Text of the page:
Girls hockey captain takes Cloquet hockey to the next levelAt the end, her teammates and coaches called her “Captain Serious,” but Cloquet-Esko-Carlton senior hockey player Carley Esse showed she was all that — and more.
By: Jeff Papas, Pine Journal
At the end, her teammates and coaches called her “Captain Serious,” but Cloquet-Esko-Carlton senior hockey player Carley Esse showed she was all that — and more.
The defenseman is headed to Division I Bemidji State next fall as a freshman, and recently earned honors as the Duluth News-Tribune’s player of the year in girls hockey.
“It was a huge honor, to make the all-area team,” Esse said. “It’s a big deal to be named with all those girls that are all unbelievable players.”
Esse led the team in scoring in her senior season with 15 goals and 22 assists for 37 points while playing the same position her dad — CEC boys coach Dave Esse — once did.
“I would say that I’m a strong defenseman,” Carley Esse said. “I’m strong with the puck and like to control the tempo.”
Esse was also a dream player for first-year Lumberjacks Coach Lance Horvat.
“Having Carley on the team was phenomenal,” Horvat said. “She was quiet, but a real leader and she controlled the locker room. That was great for me in my first year.”
Esse played boys hockey until past Pee Wee age and joined the CEC varsity as an eighth-grader. She had three different coaches — Dick Bartholdi, Mike Bushey and finally Horvat — in her five-year varsity career.
“That was hard,” Esse said. “We’ve had a lot of different coaches over our careers in high school and Coach Horvat stepped in and made us feel comfortable.”
“That speaks well of her,” Horvat said. “The three of us weren’t terribly different but each has our own style and philosophy. But Carley understands the game so well I didn’t see a wrinkle or any lack of knowledge about what to do. I tell the kids that hockey is a simple game but the coaches make it more difficult. Carley has always been able to adapt.”
Esse loved her Cloquet experience — and a big part of it was reaching a state tournament as a freshman while playing alongside older sister, Courtney.
“That was unbelievable,” Esse said. “After that we didn’t go to the finals or anything but it was great fun playing for the high school and we were always competitive.”
And now, it’s on to college.
Esse said Bemidji State started sending letters in her freshman year, and never lost contact. She said her decision was simple.
“I guess it reminded me a lot of Cloquet,” Esse said of the Bemidji area, “— the community and the Bemidji State atmosphere. The hockey program is hard working and our town is known for that. Everyone is supportive of them and the college in general and that’s how it is here too.”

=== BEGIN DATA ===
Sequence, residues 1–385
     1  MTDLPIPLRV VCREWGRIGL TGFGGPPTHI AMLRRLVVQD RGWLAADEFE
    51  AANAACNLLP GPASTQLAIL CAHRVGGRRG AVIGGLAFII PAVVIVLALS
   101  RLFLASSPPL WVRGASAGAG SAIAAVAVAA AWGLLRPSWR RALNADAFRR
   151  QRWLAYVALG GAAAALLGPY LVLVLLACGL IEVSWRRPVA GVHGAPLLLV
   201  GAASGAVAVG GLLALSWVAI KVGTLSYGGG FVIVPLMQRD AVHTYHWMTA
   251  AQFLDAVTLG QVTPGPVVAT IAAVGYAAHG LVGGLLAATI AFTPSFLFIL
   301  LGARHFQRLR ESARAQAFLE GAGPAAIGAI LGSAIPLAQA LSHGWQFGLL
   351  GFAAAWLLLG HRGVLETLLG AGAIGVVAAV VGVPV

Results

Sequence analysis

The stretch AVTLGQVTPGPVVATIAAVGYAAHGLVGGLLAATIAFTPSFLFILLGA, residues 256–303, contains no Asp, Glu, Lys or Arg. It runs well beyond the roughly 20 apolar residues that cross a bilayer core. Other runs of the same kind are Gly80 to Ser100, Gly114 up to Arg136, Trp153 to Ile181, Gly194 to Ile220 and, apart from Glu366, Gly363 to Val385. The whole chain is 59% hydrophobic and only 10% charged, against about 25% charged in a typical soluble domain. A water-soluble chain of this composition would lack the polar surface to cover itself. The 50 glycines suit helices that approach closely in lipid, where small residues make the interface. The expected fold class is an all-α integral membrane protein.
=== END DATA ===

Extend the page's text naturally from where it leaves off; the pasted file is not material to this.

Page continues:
After reaching the top of the heap locally, Esse must now re-earn her spurs at the Division I level.
“My goal for the freshman year is to play, be in the top four D and be an asset to the team,” she said. “Hopefully play there, and to be on the power play.”
Horvat said he is confident Esse can help the Beavers.
“I’d like to think she could play,” he said. “She could step in and help the team out. There will be a lot of learning on her part, the game will be a lot faster, and with better players and better teams. But I think she can make a contribution to that team right away.”
The original “Captain Serious” is Chicago Blackhawks captain Jonathan Toews, but Horvat said the local version is quite similar in terms of approach to the game.
“She’s top of the list,” he said. “I had some real good players when I coached at Moose Lake but coming here she ranked right at the top. During games and practices she was always so intense. When you could get her to smile you knew you had done something. You’d put a notch on your calendar.
“She always wanted to be the best she could be and was always a leader,” Horvat added. “The first playoff game against St. Francis was intense at first, so she took the puck end to end, scored the first goal and skated by our bench to tell us that this was what we had worked for. She never wanted to give up being a Lumberjack.”
But for Esse, wearing the jersey, and improving while wearing it, was always the big thing. She thanks her parents, grandparents, and youth coaches John Robideaux and Ron Peterson for helping her improve.
“I would say that you have to put in a lot of time and practice every day as much as you can,” she said. “Get on the ice as much as possible, play in the summer and work out and shoot every day. All the extra stuff. It takes up time, but it’s rewarding.”
And in Carley Esse’s case, Division I hockey is the reward.